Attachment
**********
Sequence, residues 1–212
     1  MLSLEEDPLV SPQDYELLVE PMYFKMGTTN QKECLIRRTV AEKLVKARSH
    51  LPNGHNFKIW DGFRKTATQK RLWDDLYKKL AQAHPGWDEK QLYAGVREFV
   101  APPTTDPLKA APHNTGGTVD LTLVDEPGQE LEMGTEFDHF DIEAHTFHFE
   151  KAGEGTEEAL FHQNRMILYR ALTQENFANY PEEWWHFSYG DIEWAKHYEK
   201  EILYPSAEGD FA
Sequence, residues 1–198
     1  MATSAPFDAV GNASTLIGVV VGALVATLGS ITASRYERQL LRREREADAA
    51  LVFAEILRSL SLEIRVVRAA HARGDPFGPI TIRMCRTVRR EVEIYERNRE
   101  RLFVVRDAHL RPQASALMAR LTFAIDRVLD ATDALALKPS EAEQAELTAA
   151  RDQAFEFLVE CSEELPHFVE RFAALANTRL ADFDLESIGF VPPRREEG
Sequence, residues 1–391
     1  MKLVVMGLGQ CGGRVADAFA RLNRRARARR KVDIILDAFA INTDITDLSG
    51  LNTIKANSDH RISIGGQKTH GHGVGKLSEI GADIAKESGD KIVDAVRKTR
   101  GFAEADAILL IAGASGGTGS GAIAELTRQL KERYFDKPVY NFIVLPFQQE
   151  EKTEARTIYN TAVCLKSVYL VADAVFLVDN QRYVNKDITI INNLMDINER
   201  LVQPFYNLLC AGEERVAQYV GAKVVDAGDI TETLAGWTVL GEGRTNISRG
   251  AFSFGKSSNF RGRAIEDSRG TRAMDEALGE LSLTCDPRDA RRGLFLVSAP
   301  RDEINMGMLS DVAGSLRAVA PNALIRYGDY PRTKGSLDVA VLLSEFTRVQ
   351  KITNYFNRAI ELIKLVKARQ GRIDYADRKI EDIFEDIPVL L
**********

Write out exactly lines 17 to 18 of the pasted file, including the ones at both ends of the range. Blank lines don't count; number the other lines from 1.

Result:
   201  LVQPFYNLLC AGEERVAQYV GAKVVDAGDI TETLAGWTVL GEGRTNISRG
   251  AFSFGKSSNF RGRAIEDSRG TRAMDEALGE LSLTCDPRDA RRGLFLVSAP